Love can swing any way

The teary-eyed girl is waiting to board a train along with relatives while a youth, face suitably smashed, is let off by the police along the rail tracks. Goons chase him and just as
the train crosses a bridge, he is thrown into the water.

This film is one of the variants film makers find in a love story. Rich, scheming girl seducing poor but brilliant boy to outshine him, her brothers bashing the hapless boy and then trying to get him killed...There’s a freshness to this rotten line.

It maybe because of the locations that are not yet sanitised of film consciousness. Or the dialogues that are not routinely vulgar. Or the screenplay that refuses to be distracted.
Or it might be effortless acting by people like Muni, Ravi Kale, Rangayana Raghu and most important, the film’s lead, Gowri Shankar.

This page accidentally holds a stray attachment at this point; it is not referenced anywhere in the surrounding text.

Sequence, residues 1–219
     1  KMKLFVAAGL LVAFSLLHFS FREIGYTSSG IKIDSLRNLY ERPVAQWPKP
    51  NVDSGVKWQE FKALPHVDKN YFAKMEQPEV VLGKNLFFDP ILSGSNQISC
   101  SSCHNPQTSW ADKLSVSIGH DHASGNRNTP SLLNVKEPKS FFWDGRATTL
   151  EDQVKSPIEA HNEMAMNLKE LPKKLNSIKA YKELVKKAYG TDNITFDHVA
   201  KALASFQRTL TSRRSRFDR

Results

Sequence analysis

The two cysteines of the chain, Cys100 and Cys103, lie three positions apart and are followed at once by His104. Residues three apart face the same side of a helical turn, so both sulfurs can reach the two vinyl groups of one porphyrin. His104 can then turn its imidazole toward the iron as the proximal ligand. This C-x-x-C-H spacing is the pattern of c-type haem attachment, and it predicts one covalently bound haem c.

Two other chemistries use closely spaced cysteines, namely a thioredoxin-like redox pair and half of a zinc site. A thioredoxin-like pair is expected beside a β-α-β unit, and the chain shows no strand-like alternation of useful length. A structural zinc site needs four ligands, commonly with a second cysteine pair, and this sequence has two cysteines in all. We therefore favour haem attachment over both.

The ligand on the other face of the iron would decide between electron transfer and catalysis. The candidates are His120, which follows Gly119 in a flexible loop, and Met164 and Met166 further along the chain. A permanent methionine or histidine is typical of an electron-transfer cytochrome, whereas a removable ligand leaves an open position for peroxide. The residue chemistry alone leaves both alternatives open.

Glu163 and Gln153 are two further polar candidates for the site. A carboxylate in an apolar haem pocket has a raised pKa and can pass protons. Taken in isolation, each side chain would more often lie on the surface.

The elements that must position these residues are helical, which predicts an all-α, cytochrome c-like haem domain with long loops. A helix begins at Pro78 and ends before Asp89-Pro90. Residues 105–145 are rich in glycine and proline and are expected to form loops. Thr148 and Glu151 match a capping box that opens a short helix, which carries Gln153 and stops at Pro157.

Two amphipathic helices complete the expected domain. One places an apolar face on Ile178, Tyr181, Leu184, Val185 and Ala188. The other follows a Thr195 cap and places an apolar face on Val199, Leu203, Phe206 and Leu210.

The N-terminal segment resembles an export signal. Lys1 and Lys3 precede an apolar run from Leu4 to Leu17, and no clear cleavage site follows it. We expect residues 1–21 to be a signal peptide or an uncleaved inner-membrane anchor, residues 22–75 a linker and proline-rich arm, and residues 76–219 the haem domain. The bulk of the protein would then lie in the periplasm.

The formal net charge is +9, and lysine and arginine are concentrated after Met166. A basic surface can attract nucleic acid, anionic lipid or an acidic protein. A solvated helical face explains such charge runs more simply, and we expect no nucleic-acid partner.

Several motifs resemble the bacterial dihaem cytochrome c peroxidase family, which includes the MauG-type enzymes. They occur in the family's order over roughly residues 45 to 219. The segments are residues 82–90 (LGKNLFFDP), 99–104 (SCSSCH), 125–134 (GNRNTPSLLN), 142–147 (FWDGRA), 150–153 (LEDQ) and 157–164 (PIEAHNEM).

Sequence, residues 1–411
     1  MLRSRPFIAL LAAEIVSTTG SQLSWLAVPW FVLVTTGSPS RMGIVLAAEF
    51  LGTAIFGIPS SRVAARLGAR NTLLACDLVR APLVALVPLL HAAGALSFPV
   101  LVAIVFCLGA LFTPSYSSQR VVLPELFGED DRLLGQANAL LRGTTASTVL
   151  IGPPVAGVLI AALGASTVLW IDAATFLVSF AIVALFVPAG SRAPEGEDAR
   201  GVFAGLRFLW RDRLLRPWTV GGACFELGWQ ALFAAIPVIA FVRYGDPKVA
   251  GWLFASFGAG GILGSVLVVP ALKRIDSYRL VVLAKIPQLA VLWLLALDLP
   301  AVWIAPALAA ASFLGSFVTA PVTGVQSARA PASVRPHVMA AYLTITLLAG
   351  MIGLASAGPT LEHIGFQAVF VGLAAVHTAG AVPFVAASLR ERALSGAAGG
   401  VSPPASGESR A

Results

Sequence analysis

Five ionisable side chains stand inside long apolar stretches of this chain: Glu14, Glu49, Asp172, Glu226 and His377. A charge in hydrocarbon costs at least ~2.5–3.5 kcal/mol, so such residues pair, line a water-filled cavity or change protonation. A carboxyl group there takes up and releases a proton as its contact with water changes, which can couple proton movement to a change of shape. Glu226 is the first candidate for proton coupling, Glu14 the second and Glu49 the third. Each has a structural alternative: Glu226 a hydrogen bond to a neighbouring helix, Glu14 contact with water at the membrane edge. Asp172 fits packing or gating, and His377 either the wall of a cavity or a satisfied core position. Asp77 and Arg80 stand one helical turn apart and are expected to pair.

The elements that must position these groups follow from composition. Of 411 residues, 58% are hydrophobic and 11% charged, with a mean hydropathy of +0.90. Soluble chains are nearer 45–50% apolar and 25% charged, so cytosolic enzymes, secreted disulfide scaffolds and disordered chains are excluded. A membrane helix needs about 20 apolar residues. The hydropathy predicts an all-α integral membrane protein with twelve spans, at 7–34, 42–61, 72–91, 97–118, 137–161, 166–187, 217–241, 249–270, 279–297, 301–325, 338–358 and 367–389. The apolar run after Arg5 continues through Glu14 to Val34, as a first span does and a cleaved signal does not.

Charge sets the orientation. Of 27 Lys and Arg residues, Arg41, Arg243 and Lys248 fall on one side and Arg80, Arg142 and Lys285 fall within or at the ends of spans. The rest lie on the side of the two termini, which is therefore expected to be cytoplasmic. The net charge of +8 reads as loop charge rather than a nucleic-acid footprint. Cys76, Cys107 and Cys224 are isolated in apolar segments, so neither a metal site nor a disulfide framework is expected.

While the former bring back fond memories of potboilers of the 80s and even early 90s, the latter is indeed a fresh and promising find.

For the most part, his ex-pressions do not belie his inexperience. His confidence more than makes up for the patchy show by Malayali actress Udayatara.

Her lamp-like eyes blind the audience to everything else about her, including acting!
Still, the pair looks good and are supported by the standard components of fights, dances and dialogue-baazi. S A Rajkumar’s music doesn’t raise above the bar. Ditto Venus Murthy’s camera.

But, when the film is one summer stroll, the villain is inevitably the climax. After a mast fight, Udayatara gets to beam her eyes again and the film turns into a farce.  Still, “Jokali” is a pleasurable pastime.

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